Coaches Corner: Rick Smith

Inside ECU Sports caught up with Rick Smith to discuss East Carolina's defensive performance against North Carolina State and what the Pirates are looking for from Rakeem Cato and Marshall's offense.

Q: What stands out about Marshall's offense?

A: What stands out is they have really good, skilled wide receivers, but the quarterback's what makes them go. He does a great job scrambling. When he gets out of the pocket, he makes more plays scrambling outside the pocket than he does just dropping back. He's averaging over 275 yards a game. He's completing over 60 percent of his passes. He has 32 touchdowns. He's the real deal. That Shuler kid, the wide receiver that went to the same high school as him, has 80 catches!

Q: Talk about the tight end Gator Hoskins. He's one of the better tight ends you've faced. How do you defend against him?

A: Their tight end is kind of like a wide receiver. They flex him out. Like a 10 personnel. They put him everywhere. He'll be into the boundary as a wide receiver. He'll also line up as a tight end. A lot of people don't realize it, but they run the football as good as they throw it. They create problems for you on play action stuff.

Q: How much does it help to practice against such a similar offense?

A: It helps a whole lot. Now, the running plays are a little different. Our guys don't run zone reads very much like they do. And they've got some sophisticated plays. They run the sweep where they pull the guard in the center. They run the power where they pull the backside guard and double down on the three technique.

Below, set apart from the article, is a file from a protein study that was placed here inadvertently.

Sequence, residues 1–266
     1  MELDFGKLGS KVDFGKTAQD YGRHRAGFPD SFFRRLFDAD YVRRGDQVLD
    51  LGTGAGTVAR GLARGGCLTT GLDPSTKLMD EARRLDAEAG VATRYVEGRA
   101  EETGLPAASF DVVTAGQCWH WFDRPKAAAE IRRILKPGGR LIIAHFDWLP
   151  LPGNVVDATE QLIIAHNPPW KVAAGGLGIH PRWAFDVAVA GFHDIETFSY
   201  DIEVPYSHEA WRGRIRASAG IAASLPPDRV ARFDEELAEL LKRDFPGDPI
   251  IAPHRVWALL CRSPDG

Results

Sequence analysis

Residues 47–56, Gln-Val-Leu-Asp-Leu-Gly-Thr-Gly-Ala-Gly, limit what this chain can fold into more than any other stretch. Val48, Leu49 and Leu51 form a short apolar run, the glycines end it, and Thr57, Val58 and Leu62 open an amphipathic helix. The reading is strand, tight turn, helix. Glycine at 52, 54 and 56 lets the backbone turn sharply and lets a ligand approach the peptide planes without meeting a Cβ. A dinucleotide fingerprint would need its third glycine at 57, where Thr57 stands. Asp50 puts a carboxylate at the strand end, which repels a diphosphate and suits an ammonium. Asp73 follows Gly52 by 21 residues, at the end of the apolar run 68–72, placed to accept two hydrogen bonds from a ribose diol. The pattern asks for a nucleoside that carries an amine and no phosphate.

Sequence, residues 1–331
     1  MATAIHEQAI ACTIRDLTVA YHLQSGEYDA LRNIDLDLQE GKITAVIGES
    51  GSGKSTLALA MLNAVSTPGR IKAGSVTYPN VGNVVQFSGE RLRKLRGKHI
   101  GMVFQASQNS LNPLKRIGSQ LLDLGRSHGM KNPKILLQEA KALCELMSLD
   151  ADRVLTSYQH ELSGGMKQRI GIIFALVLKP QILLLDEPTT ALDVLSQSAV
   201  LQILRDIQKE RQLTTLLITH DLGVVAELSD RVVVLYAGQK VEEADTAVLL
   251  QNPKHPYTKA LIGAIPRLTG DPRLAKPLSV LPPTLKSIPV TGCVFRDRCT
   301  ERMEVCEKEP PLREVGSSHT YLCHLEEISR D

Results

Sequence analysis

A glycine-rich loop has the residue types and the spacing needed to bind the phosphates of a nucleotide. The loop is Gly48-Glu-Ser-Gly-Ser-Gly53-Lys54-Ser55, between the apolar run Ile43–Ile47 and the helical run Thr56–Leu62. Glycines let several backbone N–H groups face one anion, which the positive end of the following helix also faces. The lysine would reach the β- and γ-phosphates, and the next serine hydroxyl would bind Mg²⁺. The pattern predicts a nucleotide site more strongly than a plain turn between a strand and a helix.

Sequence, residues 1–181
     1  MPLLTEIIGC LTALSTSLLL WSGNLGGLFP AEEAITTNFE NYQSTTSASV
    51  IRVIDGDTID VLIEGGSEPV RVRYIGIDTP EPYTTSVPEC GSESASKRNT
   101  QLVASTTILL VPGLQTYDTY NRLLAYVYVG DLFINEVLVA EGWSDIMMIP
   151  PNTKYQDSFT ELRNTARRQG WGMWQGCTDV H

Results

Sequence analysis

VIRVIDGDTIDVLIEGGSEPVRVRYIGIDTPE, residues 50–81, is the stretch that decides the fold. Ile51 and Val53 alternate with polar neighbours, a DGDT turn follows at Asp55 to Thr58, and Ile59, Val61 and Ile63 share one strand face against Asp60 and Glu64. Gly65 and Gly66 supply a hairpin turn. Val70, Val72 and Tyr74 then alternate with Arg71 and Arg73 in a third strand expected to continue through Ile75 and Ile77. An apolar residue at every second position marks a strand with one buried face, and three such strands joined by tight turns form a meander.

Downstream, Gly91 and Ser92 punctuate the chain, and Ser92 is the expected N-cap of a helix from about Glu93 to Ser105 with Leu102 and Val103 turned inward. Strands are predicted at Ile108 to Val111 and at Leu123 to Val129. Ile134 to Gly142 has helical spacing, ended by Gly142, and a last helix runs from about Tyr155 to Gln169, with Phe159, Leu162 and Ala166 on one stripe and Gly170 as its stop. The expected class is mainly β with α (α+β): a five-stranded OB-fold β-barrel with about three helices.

So they have about five basic runs that they run quite a bit. They can run it out of the two-by-two stuff or when the tight end's attached. So they give you some problems there with the run.

Q: No turnovers were forced against N.C. State. How important is forcing turnovers against Marshall on Friday?

A: Turnovers are important in every game. We keep turnovers a little different than the national turnovers. We count a fourth-down stop as a turnover. We got two of those. We got two of those. They went for it five times on fourth down and we stopped them twice. We tell our kids a three-and-out, if you get three three-and-outs, that's like field position for our offense. So that's like a turnover.

As far as the interceptions and fumbles, we got to create those and we're not. The last two weeks, the well's been kind of dry. Well, the last week. Sometimes they come in bunches. It would be great to get a couple this week against them because usually if you get three turnovers, you win.

Q: With a guy like Rakeem Cato who can take off and run, how important is it to be disciplined when you go after him?

A: He makes more plays rolling to his right and left than he does when you keep him in the pocket. Usually, if everything's covered and you keep him contained, he's going to tuck and run. But, when he's running out to the left and to the right, he makes plays. The receivers do as good a job as I've ever seen when the quarterback scrambles at adjusting the routes. They got a big play last week against FIU with him scrambling and the receivers work their routes. They got one against Tulsa. They do a great job. We worked on that [Monday]—trying to keep our rush lanes so we can keep him in the middle. We got a few other things, too.

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